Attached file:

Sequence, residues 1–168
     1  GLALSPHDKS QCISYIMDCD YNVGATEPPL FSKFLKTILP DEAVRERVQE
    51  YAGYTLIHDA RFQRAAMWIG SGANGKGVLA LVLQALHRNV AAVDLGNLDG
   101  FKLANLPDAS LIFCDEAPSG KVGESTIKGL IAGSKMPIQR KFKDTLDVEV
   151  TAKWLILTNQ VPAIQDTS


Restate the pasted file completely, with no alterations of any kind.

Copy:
Sequence, residues 1–168
     1  GLALSPHDKS QCISYIMDCD YNVGATEPPL FSKFLKTILP DEAVRERVQE
    51  YAGYTLIHDA RFQRAAMWIG SGANGKGVLA LVLQALHRNV AAVDLGNLDG
   101  FKLANLPDAS LIFCDEAPSG KVGESTIKGL IAGSKMPIQR KFKDTLDVEV
   151  TAKWLILTNQ VPAIQDTS